What is the difference between quality control and quality assurance?
September 27, 2021
Quality is king. A high-quality product, service, or experience is the fundamental foundation of a low-effort experience for a customer—and the goal of customer experience leaders everywhere. It’s so important that we have loads of processes dedicated to making sure that our deliverables remain in tip-top shape. These processes include quality assurance, quality control, and more.
But wait, you might ask. Those all sound pretty similar. What is the difference between quality control and quality assurance, anyway?
The difference is subtle, but it’s there—and understanding that nuance can actually make a big difference in how you organize, manage, and analyze performance in your organization. It’s essential to understand this difference, especially if you’re working in a customer-centric area of the company like the call center, customer experience (CX), or quality assurance (QA) itself.
Let’s take a look at the difference between quality control and quality assurance:
Definition of Quality Assurance (QA)
For the CX folks on board, QA is probably the most familiar term of the two. In call centers, service centers, and other customer-facing areas of the company, QA is the process that ensures customer service representatives are meeting certain standards and expectations for their role. This often means using proper greetings, language, and meeting an appropriate handle time.
Fundamentally, quality assurance is the way we observe calls and decide whether the agent has done their job correctly. Now, if we’re not talking about call centers, this definition expands a little bit, but the principle remains the same. The goal of the process is to determine whether the product, service, or conversation meets certain criteria, usually set by leadership on a QA scorecard.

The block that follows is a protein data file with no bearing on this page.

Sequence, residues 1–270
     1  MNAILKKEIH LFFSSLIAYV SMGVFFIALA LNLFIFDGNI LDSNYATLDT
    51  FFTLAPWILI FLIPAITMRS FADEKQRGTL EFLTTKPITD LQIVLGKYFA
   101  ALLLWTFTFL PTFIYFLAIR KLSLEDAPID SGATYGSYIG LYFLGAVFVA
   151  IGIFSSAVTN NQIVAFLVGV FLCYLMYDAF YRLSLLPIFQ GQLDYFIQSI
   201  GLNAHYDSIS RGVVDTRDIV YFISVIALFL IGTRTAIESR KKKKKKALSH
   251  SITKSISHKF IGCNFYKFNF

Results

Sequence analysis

Definition of Quality Control (QC)
So, you might be thinking, “Well, that about covers it. What else is left?”
Quality control is a little different than quality assurance. According to TechTarget, quality control is, “A procedure or set of procedures intended to ensure that a manufactured product or performed service adheres to a defined set of quality criteria or meets the requirements of the client or customer.” In other words, QC is the checklist a product needs to meet before going out the door.
Essentially, this means that quality control is one step deeper than QA. It is, in many ways, simply slightly more specific. Quality assurance is the overall umbrella term used to describe the process of going through a checklist of standards that need to be met; while quality control is used to refer to the more operational activity of actually inspecting products or services.
Together, we make Quality Management (QM)
Both quality assurance and quality control are part of the same overarching concept of quality management (QM). By extension, this means that both are essential elements of providing a low-effort customer experience. Where QC often happens on the factory floor and is less likely to be customer-facing, the insights derived from QA data are still essential to the quality control process. Likewise, for call center agents on the frontlines of QA, their job is made easier by a product or service with fewer issues, as they will have fewer customer complaints to field in the first place.
The difference between quality control and quality assurance is...
Simply put, the difference between quality control and quality assurance is that quality control is about identifying existing problems with your product—so you can work to fix them. Quality assurance, on the other hand, is about perfecting your process so that those problems don’t occur in the first place.
Quality assurance refers to a process
Quality control refers to a product
As a call center leader, you may not deal with quality control on a regular basis, and you might think that this conversation isn’t about you. That couldn’t be further from the truth! QC and QA go hand-in-hand, and if you’re not sharing insights with the product team, you’re actually making things harder for your own team. A better product equals fewer customer issues—which means fewer calls for your team to handle.
This is just a quick look at some of the major differences between quality control and quality assurance. If you’re serious about improving quality management at your company, be sure to take a look at the benefits of analyzing your processes before implementing a digital-first solution. While we love automation around here, we also love to work smarter, not harder.